Tag Archives: thank goodness for the internet

Hold Down Record, Press Play

One thing leads to the other on the Internet; I hear a song by a band, but I can’t find their info online. It was like being back in high school, before college showed that one could often rely on rec.music.* to help out. I’m a bit baffled – after all, I heard the song online, so they must exist somewhere, right?

I’ve long mentioned to people that private spaces from regional scenes are going to see a resurgence, because one way to stand out is to be genuinely invisible from the electronic eye. Rarefied tastes are a social signifier of some serious import in certain musical taste communities. Also, most everyone just wants to yell some variation on DICKS HITLER DICKS at you online anyway, so gated communities make a lot of sense. I think they work great, and the downsides – the loss of “new blood” over time – are actually a kind of selling point. It’s a position that would be unthinkable if you travelled back to the anarcho-techno-futurist days of 1995, but here in the age of most everyone being on broadband…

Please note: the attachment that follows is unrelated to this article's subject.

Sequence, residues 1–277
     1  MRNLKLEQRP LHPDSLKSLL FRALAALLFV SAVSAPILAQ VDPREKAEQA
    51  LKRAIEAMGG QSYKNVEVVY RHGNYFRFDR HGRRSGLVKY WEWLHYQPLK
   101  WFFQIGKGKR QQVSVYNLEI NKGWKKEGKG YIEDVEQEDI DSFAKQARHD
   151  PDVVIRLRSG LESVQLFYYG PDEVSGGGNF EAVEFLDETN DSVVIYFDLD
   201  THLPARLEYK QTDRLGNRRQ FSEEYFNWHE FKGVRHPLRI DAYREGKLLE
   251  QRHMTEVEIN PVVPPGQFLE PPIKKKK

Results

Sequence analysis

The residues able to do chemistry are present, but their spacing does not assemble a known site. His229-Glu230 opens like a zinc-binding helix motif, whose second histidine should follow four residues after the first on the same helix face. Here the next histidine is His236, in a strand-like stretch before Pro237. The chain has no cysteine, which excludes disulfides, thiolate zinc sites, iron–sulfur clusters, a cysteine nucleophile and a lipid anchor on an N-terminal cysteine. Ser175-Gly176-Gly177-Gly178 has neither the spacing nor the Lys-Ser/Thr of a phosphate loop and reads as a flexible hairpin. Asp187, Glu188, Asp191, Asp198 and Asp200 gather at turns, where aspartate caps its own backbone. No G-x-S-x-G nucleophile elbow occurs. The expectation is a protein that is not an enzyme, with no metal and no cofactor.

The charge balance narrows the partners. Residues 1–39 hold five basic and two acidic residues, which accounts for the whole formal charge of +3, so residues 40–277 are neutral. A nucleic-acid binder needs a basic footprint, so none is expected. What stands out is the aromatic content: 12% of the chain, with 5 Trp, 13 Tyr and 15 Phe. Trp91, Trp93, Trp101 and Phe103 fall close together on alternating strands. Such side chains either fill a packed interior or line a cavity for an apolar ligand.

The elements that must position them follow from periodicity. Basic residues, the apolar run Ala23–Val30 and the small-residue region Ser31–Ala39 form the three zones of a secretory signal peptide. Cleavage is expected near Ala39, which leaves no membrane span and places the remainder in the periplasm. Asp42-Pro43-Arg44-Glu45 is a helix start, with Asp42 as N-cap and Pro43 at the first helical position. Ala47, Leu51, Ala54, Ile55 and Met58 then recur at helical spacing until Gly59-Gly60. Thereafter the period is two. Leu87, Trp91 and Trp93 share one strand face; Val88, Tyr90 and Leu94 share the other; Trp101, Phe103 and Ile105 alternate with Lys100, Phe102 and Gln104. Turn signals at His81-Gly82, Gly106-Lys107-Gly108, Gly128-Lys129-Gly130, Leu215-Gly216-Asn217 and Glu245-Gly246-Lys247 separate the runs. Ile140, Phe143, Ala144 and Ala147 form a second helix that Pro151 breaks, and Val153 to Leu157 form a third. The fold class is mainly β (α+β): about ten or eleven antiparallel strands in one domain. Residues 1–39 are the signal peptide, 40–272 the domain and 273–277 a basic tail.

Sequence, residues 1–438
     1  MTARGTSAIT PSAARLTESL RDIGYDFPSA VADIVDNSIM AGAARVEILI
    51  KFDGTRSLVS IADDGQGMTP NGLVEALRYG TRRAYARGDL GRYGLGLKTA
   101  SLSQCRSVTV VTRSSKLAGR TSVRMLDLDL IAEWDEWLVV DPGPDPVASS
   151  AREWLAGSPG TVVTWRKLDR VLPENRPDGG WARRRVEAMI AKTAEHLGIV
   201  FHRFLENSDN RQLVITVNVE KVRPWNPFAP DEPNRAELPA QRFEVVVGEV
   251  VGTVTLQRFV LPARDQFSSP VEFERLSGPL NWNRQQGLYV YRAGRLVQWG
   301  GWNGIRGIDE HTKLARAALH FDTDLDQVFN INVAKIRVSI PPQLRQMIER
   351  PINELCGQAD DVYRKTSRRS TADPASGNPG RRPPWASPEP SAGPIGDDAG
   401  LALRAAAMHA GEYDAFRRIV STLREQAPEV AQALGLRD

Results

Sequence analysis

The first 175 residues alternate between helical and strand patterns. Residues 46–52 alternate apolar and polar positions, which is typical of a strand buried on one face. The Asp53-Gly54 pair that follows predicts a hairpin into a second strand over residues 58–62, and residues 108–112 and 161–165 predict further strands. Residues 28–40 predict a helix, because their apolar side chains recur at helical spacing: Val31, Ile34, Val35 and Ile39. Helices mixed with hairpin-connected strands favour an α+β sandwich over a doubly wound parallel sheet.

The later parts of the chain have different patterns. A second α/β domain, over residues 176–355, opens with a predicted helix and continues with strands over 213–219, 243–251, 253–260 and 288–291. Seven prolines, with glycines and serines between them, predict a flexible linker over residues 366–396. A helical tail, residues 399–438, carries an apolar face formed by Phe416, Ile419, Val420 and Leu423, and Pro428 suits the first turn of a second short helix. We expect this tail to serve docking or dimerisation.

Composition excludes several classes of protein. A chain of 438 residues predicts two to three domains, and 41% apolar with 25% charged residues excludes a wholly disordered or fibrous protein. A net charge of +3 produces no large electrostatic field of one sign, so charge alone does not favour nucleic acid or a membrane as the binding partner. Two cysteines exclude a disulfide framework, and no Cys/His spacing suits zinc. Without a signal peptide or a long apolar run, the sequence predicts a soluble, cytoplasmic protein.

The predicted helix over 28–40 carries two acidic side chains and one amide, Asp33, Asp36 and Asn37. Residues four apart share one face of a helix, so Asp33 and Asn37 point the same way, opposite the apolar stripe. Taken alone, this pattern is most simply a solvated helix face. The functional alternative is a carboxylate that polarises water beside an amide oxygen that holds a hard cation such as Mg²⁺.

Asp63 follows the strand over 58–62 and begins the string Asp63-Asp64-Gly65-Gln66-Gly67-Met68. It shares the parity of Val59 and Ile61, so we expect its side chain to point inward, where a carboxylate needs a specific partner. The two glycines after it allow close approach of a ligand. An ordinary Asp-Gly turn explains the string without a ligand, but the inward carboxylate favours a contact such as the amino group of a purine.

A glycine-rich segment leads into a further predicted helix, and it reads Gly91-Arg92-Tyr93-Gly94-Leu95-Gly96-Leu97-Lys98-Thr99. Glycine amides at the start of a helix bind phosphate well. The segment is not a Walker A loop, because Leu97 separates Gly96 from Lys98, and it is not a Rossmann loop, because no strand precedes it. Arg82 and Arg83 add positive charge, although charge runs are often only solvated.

Anyhoo, long story short I’m sending a letter to some P.O. box in Oregon and we’ll see what’s what.


Filed under music

Surfing The Past

hipstermetalFound this Simon Reynolds piece from way back when very interesting. (Despite being particularly unfamiliar with Sunn)

Followed that to this interesting essay (which I find apt, since most dubstep strikes me as dreadfully dull but I like what I’ve heard of Burial).

Yes, the conversation is a few years old, but the popularity of a few metal bands with the indie music nerd mainstream (and the general angst that produces in “metalheads”) is an ongoing phenomenon.

As an aside, describing metal lyrics as “intelligent” or, as a lesser prize, “more intelligent than pop music” is laughable and really, really beyond the point. You’re talking about a genre that encompasses both Municipal Waste and all those guys in clownpaint who got raped by the Swedish welfare state.

Intelligence is an ancillary issue at best.


Filed under music